Estimated reading time: 5 minutes
It’s common to see tiny little Rutherglen bugs on your fruit tree in summer. They sometimes show up when the fruit is starting to ripen. Have you noticed any on your fruit?
We first learned about these little bugs the hard way. One very wet year we (and everyone else trying to grow fruit on the east coast of Australia) had a plague of them. Thankfully we’ve seen very few since then.
However, they continue to show up in different places, so it’s a good time to show you what to look for, and what to do.
Identifying bugs on your trees and fruit
The bugs in these photos are called Rutherglen bugs. They are tiny, and a nuisance, and if there are enough of them they can wreck your fruit.
Rutherglen bugs are in a category of insects called sapsuckers. They suck the juice out of your fruit and large numbers can cause the fruit to shrivel up.
The year that we had a plague a small proportion of our peaches had so much juice sucked out that they weren’t usable. Luckily most were still fine and we were able to sell them at the market as usual.
The bugs can leave a slightly sticky residue on the fruit as well, but this washes off.
Why do some bugs come and go?
Interestingly, we’ve barely seen them since. This is often the way with ‘plagues’—they’re usually the result of an imbalance in the ecosystem that has temporarily favoured one insect over another. They usually quickly get back into balance and numbers go back to normal (i.e., hardly any).
This is in direct contrast to pests that tend to stick around year after year. Fruit flies and earwigs are in this category, though their population density can still fluctuate widely depending on the season.
So, why do plagues disappear?
Mainly because these insects have a lot of predators. Nature tends to get these population explosions under control all by herself, as long as you have decent biodiversity in your garden, and IF you don’t mess things up by using pesticides.
Protecting fruit from bugs
When you are experiencing an outbreak it would be nice to protect your fruit, right? Most gardeners don’t want to just abandon the crop to the pest outbreak and hope that things correct themselves by next year.
You want to take action, right?
Before we give you some practical tips for what to do, we’d like to suggest what NOT to do – and that’s to reach for a bottle of insecticide.
Using off-the-shelf chemicals to kill things in your garden is a potential recipe for disaster. At best, they’re often ineffective (and you’re giving yourself and your family an extra dose of chemicals in your diet).
At worst you may accidentally kill good insects and maybe even make the original problem worse. You’ll also be making your garden a much less welcoming place. It’s really easy to do more damage than you can prevent.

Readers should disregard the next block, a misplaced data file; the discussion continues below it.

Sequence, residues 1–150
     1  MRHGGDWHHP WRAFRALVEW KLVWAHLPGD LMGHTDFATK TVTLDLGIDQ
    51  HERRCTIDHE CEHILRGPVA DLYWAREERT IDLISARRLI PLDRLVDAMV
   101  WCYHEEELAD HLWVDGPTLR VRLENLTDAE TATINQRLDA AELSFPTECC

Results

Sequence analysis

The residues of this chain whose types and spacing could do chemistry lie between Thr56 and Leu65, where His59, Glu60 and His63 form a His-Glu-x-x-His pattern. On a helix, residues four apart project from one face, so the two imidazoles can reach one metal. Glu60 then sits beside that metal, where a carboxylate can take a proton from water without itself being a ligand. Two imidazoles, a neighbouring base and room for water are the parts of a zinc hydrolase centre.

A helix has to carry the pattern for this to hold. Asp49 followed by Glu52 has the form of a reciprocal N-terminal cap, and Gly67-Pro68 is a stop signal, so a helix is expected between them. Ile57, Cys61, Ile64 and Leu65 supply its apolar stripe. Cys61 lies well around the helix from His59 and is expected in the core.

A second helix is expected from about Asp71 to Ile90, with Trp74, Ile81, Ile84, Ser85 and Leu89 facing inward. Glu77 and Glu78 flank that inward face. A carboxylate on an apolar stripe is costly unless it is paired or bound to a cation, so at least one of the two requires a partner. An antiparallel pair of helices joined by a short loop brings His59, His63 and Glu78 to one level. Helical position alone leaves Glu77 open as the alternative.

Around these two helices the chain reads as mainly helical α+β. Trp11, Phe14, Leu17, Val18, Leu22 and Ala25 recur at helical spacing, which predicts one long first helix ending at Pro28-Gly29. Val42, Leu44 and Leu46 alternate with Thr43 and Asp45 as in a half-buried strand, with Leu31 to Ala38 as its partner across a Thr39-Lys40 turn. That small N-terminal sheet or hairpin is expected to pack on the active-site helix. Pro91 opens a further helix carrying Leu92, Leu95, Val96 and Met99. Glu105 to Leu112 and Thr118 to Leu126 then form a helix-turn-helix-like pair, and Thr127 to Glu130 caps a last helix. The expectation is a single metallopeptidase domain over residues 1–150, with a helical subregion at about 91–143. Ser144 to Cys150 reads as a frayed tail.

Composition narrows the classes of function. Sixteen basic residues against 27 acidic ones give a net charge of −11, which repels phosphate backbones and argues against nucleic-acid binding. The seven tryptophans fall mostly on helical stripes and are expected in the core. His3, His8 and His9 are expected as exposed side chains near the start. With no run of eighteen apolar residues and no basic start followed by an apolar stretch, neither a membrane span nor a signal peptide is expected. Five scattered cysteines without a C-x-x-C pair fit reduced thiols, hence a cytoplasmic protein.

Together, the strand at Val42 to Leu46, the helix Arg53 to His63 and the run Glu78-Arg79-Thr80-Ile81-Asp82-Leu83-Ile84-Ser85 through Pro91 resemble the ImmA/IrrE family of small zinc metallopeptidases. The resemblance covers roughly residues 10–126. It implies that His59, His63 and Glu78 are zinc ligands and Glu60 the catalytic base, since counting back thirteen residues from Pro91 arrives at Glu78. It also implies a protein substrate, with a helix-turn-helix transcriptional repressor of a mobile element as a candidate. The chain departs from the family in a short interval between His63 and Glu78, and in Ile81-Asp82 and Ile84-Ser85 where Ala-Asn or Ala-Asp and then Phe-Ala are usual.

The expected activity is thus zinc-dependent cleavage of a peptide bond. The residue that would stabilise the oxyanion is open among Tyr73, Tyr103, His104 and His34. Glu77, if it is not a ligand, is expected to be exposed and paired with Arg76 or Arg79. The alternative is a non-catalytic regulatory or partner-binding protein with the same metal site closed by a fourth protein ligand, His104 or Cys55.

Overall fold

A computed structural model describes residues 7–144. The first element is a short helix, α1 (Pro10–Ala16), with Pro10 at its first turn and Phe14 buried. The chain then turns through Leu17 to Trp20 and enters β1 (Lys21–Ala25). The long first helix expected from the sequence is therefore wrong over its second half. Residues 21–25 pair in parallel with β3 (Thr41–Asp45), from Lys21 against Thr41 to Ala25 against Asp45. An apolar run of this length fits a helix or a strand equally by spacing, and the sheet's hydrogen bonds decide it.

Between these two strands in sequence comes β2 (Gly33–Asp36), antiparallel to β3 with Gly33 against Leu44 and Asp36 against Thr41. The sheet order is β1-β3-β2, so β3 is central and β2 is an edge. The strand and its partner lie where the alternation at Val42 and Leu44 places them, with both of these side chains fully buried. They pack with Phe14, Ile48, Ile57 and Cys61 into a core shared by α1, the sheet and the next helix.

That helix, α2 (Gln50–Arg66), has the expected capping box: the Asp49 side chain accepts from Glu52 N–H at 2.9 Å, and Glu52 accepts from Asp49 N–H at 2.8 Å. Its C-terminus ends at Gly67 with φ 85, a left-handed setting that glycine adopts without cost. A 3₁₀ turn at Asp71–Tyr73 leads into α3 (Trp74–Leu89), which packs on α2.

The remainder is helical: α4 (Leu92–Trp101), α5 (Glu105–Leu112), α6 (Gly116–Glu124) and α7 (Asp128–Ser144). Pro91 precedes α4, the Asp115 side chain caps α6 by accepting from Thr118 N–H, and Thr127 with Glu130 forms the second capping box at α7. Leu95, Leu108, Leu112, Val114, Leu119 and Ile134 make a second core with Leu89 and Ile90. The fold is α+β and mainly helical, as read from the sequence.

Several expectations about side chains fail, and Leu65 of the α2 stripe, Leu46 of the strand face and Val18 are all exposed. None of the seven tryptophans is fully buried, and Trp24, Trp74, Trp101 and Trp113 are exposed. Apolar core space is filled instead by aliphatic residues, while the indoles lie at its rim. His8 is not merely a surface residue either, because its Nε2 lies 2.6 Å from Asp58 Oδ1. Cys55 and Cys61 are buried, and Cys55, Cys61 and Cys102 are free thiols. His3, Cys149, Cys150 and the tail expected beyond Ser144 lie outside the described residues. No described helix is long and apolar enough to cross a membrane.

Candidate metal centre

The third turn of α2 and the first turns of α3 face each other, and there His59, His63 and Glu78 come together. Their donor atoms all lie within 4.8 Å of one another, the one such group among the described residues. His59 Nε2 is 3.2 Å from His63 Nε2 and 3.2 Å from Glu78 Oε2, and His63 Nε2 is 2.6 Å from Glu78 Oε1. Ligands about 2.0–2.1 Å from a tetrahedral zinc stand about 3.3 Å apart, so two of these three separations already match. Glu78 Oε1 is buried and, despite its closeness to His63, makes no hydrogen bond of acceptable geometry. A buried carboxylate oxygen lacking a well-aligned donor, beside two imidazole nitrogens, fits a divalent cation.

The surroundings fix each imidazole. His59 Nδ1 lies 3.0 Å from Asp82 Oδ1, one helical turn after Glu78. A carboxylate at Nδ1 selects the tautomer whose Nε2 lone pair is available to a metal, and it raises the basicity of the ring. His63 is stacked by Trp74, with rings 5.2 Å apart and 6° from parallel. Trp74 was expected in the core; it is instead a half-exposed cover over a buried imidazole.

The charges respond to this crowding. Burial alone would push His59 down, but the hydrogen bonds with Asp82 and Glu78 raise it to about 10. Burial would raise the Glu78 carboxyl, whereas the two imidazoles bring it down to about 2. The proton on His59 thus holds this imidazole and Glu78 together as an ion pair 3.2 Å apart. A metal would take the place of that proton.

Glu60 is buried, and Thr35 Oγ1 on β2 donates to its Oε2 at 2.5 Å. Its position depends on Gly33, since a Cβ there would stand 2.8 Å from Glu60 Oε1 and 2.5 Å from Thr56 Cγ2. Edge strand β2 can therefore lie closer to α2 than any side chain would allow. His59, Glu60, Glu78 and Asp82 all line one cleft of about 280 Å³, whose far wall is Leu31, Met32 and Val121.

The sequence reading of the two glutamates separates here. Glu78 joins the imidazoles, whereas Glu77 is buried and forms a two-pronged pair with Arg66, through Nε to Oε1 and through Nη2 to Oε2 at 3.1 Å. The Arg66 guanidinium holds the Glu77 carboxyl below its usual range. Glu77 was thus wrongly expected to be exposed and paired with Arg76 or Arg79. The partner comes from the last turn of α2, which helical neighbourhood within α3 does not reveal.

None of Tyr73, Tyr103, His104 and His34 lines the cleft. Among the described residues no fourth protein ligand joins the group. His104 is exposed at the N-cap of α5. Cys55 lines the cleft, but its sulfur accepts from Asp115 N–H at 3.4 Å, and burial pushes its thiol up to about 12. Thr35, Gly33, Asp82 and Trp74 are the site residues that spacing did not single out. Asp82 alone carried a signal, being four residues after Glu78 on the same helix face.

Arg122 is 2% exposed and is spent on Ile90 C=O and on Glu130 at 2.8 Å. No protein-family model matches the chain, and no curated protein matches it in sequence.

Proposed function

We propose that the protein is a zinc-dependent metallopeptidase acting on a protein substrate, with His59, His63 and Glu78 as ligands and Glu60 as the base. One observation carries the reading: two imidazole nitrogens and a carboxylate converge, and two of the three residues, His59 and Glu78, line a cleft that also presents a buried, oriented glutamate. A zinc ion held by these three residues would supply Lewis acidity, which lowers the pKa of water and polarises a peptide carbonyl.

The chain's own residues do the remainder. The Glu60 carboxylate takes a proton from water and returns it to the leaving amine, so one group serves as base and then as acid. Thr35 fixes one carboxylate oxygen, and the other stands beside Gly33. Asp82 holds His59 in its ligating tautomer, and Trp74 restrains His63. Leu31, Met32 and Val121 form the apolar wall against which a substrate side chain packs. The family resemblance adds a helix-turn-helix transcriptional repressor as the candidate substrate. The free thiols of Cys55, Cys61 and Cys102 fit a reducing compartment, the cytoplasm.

Here are our top 4 suggestions:
- Hose the tree when it has a large swarm of bugs on it. This should discourage the bugs that are on the tree at the time. If there are lots around in the garden the tree will probably be re-infested and you may need to repeat.
- If you have chickens or other poultry, confine them to the area around your fruit trees if possible. They’ll love to eat the bugs. As above, if there are lots of bugs around, the tree may be re-infested when you remove the chooks.
- Protect the tree with a very fine net. Use the same sort you would use to prevent fruit fly from getting to the fruit. As you can see in the photo above, they easily get through regular-sized bird netting.
- As a last resort, you can try a home-made organic spray. Be very careful if you do this. Even though home-made sprays are safer than bought chemicals, it can still be easy to do more harm than good by killing the predator insects that will be eating the Rutherglen bugs. You may accidentally make the problem last longer.
Long-term bug management strategies for your fruit trees
The key message is don’t worry too much about them. They’re quite hard to control in the short term, but they often won’t do too much damage, and next season the plague probably won’t be back.
Concentrate instead on the long-term strategies for managing these bugs (and all the other pests as well):
(1) continuous soil improvement,
(2) continuous biodiversity improvement,
(3) continue to educate yourself about individual pests that might cause problems for your fruit, including their lifecycle, how to identify them, tips for prevention, and treatment strategies.
The best place to start? Read our other blogs about pest control.
The story of how Queensland Fruit Flies meet, mate, and reproduce. Everything you need to know to learn how to beat these pests.
Finding insects in your fruit trees scares a lot of people, but in fact, a wide variety of insects is a good sign of biodiversity.
The classic “worm in the apple” is actually the larvae of the Codling moth, a very annoying pest that needs a planned effort to prevent.